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SOURCE: Hunt, E. D. “Christians and Christianity in Ammianus Marcellinus.” Classical Quarterly n.s. 35, no. 1 (1985): 186-200.
[In the following essay, Hunt discusses Ammianus's attitudes toward Christianity and Christians.]
Ammianus Marcellinus, by common consent the last great historian of Rome, rounds off his obituary notice of the emperor Constantius II (d. 361) with the following observation:
The plain simplicity of Christianity he obscured by an old woman's superstition; by intricate investigation instead of seriously trying to reconcile, he stirred up very many disputes, and as these spread widely he nourished them with arguments about words; with the result that crowds of bishops rushed hither and thither by means of public mounts on their way to synods (as they call them), and while he tried to make all their worship conform to his own will, he cut the sinews of the public transport service.1
This is a perceptive judgement of the ecclesiastical politics of the reign of Constantius, remarkable in a pagan writer, and of exceptional significance in that it lies outside those very ‘arguments about words’ which contaminate all the Christian assessments of this emperor. Although Ammianus is unsympathetic to Constantius, he manages succinctly to grasp the basic drift of imperial policy, inherited from Constantine...
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SOURCE: Wiedemann, T. E. J. “Between Men and Beasts: Barbarians in Ammianus Marcellinus.” In Past Perspectives: Studies in Greek and Roman Historical Writing, edited by I. S. Moxon, J. D. Smart, and A. J. Woodman, pp. 189-201. Cambridge, Eng.: Cambridge University Press, 1986.
[In the following essay, Wiedemann explores Ammianus's use of animal metaphors in describing individuals and groups of people.]
Dietary practices are among the more obvious ways in which one group of people can differentiate itself from another. What I eat and drink is normal and natural. A person who does not eat or drink what I do is peculiar: in structuralist jargon, I am central and he is marginal. He may be marginal geographically—simply foreign—or morally: a saint/hero (between man and god) or a sinner/heretic/revolutionary (between man and beast).1 The ultimate dietary rule is the ban on eating the flesh of another human being. A recent study by Arens of accounts of cannibalism predictably aroused considerable discussion.2 Its thesis might be summarized as follows. To eat human flesh is the mark of an animal. A human who eats human flesh thus shares in his person the characteristics of a man and of an animal: cannibalism symbolizes the mid-point between humanity and bestiality. It follows that any group satisfied that its own behaviour patterns are normal will tend to ascribe the qualities of...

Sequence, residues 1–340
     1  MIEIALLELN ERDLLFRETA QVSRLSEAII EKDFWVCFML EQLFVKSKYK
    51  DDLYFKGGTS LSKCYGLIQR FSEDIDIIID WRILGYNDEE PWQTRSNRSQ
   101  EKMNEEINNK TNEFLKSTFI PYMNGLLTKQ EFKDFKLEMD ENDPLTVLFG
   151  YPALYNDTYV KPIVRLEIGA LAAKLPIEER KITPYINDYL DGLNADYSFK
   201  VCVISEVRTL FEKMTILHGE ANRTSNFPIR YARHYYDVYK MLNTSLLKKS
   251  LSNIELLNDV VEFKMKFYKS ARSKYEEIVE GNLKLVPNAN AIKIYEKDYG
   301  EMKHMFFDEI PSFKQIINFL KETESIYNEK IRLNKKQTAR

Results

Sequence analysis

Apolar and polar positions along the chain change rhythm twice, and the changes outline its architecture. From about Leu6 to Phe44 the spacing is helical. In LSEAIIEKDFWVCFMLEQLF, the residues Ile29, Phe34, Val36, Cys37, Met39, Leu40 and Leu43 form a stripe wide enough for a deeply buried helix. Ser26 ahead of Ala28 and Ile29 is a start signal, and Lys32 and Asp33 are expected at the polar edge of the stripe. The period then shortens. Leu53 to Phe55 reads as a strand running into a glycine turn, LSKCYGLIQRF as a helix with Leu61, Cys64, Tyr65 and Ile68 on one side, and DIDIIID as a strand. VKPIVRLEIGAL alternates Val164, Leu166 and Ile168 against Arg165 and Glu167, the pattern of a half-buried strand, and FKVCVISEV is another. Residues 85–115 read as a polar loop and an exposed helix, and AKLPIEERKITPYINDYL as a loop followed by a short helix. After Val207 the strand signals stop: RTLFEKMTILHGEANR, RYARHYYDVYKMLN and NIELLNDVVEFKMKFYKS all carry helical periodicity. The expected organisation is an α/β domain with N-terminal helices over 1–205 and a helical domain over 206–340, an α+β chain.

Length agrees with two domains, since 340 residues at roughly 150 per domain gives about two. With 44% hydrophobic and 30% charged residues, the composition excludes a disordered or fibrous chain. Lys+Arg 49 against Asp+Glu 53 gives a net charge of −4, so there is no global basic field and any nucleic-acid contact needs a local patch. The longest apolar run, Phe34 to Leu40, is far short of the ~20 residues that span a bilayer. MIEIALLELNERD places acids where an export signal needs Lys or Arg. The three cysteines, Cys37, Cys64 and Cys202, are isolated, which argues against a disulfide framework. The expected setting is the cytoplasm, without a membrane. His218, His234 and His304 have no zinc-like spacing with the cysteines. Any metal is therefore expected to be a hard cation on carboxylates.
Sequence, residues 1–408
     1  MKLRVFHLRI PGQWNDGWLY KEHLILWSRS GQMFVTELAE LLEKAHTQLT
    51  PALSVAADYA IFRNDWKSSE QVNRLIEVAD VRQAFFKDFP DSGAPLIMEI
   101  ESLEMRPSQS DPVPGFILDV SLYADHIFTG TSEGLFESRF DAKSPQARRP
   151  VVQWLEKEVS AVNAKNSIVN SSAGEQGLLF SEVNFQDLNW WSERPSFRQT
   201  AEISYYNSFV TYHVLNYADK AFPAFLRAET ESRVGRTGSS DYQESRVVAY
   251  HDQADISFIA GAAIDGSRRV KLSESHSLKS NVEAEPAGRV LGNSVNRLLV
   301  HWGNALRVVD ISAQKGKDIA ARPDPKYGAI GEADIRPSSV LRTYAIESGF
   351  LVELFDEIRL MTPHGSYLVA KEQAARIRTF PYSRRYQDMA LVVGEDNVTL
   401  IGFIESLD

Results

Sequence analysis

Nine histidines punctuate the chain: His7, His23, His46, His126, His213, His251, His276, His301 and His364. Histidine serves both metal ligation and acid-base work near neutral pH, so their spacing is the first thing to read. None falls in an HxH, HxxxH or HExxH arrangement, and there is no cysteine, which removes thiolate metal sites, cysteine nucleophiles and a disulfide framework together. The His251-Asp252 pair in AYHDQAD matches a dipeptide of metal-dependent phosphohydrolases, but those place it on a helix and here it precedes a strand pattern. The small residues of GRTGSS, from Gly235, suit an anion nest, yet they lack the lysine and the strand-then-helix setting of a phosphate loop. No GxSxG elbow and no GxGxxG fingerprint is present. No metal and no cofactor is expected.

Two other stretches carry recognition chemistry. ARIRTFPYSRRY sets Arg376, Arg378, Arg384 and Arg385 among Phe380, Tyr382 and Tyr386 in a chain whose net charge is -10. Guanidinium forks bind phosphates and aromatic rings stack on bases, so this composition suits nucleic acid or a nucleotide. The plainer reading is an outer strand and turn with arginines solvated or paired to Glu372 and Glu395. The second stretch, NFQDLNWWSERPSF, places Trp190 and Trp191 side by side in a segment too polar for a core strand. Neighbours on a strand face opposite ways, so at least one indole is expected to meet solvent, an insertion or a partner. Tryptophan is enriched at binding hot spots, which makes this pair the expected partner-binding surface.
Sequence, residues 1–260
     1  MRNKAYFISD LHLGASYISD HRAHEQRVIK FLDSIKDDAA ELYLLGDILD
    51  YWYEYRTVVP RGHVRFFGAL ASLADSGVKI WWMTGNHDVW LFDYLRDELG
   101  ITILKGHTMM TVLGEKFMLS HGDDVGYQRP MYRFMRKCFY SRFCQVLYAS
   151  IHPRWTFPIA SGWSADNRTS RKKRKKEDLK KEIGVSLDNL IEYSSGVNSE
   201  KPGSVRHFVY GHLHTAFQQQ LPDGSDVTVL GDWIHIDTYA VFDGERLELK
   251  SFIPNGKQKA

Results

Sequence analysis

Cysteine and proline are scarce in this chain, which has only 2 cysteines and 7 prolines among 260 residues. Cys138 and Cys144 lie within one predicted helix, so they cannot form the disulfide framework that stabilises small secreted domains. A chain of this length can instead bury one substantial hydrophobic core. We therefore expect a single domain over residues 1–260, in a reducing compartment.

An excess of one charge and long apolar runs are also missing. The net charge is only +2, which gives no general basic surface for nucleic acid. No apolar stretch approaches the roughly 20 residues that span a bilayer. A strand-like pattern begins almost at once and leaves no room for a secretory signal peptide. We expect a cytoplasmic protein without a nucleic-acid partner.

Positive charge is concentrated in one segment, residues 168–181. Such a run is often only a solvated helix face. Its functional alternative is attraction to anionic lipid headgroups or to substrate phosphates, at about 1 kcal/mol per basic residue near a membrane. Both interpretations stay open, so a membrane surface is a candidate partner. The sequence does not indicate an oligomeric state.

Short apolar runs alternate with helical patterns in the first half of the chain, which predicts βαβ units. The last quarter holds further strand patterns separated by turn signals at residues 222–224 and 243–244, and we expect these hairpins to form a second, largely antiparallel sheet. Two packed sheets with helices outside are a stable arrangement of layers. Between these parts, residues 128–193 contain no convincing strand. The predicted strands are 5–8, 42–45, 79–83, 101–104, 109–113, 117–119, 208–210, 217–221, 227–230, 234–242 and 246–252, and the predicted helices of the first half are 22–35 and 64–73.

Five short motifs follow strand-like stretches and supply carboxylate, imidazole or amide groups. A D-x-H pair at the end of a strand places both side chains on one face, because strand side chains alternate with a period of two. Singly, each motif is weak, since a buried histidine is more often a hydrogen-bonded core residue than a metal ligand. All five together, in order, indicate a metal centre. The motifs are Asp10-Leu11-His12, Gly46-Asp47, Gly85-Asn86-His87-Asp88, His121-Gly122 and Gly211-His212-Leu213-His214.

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SOURCE: Barnes, Timothy D. “The Impartial Historian” and “Reality and Its Representation.” In Ammianus Marcellinus and the Representation of Historical Reality, pp. 1-19. Ithaca, N.Y.: Cornell University Press, 1998.
[In the following excerpt, Barnes explores how reliable Ammianus is as an historian and discusses the divergent critical evaluations of his work.]
At the close of his history, Ammianus Marcellinus described himself as “a soldier and a Greek” (31.16.9). He was born about 330 into the local aristocracy of one of the cities of Roman Syria or Phoenicia, and his father was probably a career soldier who rose to a position of some importance in the reign of the emperor Constantius, who ruled the East from 337 to 361 (Chapter VI). Ammianus entered the Roman army as an officer in an élite corps around 350 and first appears in his narrative as extant in the year 354 (14.9.1, 11.5). It is not known how long he served beyond 359, when he disappears from his narrative after escaping from Amida when the Persian king took it by storm and returning safely to Antioch (19.8.5-12).
Ammianus reappears in his narrative in 363, when his use of the first-person plural indicates that he joined Julian's expedition into Persia at Circesium (23.5.7, cf. 6.30) and returned to Antioch with the defeated Roman army after its failure (25.10.1: Antiochiam venimus). After 363, however, Ammianus...
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Crump, Gary A. “The Historian's Use of Geography.” In Ammianus Marcellinus as a Military Historian, pp. 35-43. Wiesbaden, Germany: Franz Steiner Verlag, 1975.
Explains how Ammianus supports his historical accounts by incorporating pertinent geographical information.
Matthews, John. The Roman Empire of Ammianus. Baltimore, Md.: John Hopkins University Press, 1989, 608 p.
Acclaimed critical biography.
Fornara, Charles W. “The Prefaces of Ammianus Marcellinus.” In Cabinet of the Muses: Essays on Classical and Comparative Literature in Honor of Thomas G. Rosenmeyer, edited by Mark Griffith and Donald J. Mastronarde, pp. 163-72. Atlanta, Ga.: Scholars Press, 1990.
Analyzes Ammianus's prefatory remarks to his historical writings.
Syme, Ronald. Ammianus and the Historia Augusta. The Clarendon Press, England: Oxford Univerity Press, 1968, 237 p.
Detailed study of the historical context, writing, and main themes of the Historia Augusta.
Additional coverage of Ammianus Marcellinus's life and career is contained in the following sources published by the Gale Group: Ancient Writers, Vol. 2 and Dictionary of Literary Biography, Vol. 211.